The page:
ST JOHN AM­BU­LANCE

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THE Manch­ester Weekly News has teamed up with St John Am­bu­lance, the na­tion’s lead­ing first aid char­ity to bring you some sim­ple, but life sav­ing, first aid tips. This week: Recog­nis­ing and deal­ing with ana­phy­lac­tic shock:

Ana­phy­lac­tic shock is a se­vere al­ler­gic reaction which af­fects the whole body.

In sus­cep­ti­ble in­di­vid­u­als it may de­velop within sec­onds or min­utes of con­tact with the trig­ger fac­tor and is po­ten­tially fa­tal.

Pos­si­ble trig­gers can in­clude skin or air­borne con­tact with par­tic­u­lar ma­te­ri­als, the in­jec­tion of a spe­cific drug, the sting of a cer­tain in­sect or the in­ges­tion of a food such as peanuts.

To help recog­nise ana­phy­lac­tic shock in a ca­su­alty, look for the fol­low­ing symp­toms:

● Im­paired breath­ing – this may range from a tight chest to se­vere dif­fi­culty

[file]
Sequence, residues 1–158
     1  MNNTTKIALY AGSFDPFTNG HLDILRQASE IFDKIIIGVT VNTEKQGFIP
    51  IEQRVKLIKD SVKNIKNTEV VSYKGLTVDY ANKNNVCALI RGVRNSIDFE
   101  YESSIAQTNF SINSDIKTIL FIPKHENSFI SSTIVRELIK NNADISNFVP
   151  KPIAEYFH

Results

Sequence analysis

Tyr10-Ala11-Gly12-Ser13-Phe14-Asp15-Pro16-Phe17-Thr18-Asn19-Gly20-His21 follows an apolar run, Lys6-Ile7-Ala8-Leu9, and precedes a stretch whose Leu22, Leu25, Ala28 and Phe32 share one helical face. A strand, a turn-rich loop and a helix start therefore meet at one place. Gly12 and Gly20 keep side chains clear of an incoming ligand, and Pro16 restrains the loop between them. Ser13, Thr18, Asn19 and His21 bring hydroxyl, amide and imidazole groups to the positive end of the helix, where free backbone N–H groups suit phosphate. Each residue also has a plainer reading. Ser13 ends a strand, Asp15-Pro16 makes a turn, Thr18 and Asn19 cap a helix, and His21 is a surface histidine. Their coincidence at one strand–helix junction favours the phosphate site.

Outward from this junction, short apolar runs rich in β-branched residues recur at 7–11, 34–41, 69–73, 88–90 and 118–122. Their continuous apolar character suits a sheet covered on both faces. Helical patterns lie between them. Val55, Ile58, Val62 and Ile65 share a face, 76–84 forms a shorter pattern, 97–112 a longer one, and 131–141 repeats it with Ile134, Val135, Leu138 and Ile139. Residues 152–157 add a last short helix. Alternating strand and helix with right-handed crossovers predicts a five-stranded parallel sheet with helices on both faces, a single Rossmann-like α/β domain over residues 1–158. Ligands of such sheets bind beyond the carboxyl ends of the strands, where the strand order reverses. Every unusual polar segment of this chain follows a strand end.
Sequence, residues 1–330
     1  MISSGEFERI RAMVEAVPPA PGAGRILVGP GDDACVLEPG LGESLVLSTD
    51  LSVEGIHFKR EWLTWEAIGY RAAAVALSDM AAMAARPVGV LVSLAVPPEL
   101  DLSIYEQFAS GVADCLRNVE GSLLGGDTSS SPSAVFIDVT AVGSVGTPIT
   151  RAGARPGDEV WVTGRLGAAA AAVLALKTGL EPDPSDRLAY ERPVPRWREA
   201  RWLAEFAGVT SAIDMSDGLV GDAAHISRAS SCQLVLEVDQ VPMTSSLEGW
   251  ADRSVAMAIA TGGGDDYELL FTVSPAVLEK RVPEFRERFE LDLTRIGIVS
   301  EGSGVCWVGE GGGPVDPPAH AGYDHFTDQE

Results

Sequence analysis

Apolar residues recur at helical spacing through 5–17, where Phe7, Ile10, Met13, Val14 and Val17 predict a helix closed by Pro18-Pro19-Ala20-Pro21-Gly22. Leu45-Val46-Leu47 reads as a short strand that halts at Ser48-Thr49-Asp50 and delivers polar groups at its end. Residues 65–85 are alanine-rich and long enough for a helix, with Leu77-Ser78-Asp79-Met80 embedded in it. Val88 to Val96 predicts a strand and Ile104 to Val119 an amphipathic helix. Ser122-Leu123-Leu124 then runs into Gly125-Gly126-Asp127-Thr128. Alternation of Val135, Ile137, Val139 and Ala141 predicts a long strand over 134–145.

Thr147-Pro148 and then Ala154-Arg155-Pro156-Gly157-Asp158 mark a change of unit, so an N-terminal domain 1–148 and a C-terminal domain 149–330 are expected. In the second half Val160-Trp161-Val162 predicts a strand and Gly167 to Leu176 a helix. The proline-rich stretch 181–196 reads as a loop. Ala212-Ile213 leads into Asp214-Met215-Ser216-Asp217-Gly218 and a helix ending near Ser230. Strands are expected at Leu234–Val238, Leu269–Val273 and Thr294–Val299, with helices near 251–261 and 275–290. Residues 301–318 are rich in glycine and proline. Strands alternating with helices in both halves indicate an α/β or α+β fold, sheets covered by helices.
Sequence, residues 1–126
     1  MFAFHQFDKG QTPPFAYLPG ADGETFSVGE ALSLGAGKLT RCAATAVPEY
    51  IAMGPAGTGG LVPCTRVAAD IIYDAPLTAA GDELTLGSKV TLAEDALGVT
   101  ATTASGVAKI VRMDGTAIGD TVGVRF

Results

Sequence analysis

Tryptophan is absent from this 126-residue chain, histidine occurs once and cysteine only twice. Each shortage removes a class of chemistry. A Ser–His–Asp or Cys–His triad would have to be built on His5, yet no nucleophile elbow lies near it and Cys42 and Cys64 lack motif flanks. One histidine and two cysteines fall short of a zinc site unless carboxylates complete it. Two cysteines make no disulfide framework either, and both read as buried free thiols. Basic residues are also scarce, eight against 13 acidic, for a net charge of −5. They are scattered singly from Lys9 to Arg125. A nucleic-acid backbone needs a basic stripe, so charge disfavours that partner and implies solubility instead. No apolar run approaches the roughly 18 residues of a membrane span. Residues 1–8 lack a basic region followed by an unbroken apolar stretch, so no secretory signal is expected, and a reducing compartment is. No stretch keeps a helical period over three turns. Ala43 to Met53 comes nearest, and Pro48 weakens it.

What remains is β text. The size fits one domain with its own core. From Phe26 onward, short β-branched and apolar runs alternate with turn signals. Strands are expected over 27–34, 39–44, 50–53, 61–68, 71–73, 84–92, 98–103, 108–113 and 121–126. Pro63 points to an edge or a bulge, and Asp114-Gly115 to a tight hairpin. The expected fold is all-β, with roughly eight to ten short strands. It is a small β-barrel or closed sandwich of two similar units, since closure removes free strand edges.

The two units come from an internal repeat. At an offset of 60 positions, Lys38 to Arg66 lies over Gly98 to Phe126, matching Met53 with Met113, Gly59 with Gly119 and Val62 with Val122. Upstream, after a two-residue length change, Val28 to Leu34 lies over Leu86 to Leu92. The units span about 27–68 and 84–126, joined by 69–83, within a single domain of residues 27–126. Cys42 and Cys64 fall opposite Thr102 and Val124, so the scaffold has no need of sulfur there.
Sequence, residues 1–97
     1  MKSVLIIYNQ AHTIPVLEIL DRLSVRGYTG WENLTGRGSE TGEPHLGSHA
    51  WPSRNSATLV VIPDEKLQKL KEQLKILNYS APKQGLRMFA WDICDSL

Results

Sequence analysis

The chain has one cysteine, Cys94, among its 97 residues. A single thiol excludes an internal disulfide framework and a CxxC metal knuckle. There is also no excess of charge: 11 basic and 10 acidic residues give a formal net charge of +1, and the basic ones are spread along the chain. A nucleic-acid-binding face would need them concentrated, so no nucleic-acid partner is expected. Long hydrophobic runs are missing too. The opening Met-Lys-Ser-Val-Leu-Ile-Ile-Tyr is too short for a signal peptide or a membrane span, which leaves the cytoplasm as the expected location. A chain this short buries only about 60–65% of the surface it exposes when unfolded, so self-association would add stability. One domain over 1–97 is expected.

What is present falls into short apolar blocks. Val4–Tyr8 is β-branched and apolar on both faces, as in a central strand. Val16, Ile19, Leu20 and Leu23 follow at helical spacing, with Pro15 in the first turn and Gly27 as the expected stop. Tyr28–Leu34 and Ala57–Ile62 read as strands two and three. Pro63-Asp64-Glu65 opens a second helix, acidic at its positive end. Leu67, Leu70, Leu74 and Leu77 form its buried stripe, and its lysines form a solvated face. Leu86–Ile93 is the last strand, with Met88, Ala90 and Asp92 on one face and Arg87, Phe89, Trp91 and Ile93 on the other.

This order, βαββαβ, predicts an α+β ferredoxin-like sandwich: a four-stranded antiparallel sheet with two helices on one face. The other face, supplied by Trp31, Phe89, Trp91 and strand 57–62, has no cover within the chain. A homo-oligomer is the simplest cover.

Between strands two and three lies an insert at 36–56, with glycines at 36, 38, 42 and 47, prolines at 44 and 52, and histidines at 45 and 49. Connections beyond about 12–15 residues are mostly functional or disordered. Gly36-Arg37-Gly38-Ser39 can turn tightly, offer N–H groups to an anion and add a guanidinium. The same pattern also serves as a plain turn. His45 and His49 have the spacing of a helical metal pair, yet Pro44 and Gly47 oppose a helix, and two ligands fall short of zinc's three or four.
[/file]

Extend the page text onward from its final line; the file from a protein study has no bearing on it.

● Wheez­ing or gasp­ing for air ● Signs of shock ● Wide­spread blotchy skin erup­tion

● Swelling of the tongue and throat

● Puffi­ness around the eye

● Anx­i­ety

To help, fol­lows th­ese sim­ple steps:

1. Dial 999/112 for emer­gency help.

2. Give the op­er­a­tor any in­for­ma­tion you have on the cause of the ca­su­alty’s con­di­tion.

3. Check whether the ca­su­alty is car­ry­ing any nec­es­sary med­i­ca­tion. If she is, help them to use it.

If the ca­su­alty is con­scious:

Help her to sit up in a po­si­tion that most relieves any breath­ing dif­fi­culty, this is usu­ally sit­ting up and lean­ing for­ward slightly

If the ca­su­alty be­comes un­con­scious:

1. Open the air­way and check breath­ing.

2. If the ca­su­alty is breath­ing nor­mally, place them in the re­cov­ery po­si­tion.

3. If the ca­su­alty is not breath­ing, be­gin CPR. ●

For those look­ing for quick, eas­ily ac­ces­si­ble first aid in­for­ma­tion, the St John Am­bu­lance app is avail­able free on smart­phones and the web­site (www.sja.org.uk) of­fers demo videos, an in­ter­ac­tive game, and lots of free ad­vice. For more in­for­ma­tion about first aid cour­ses please call 0844 770 4800.

A child posed to dis­play some of the tell-tale signs of ana­phy­lac­tic shock

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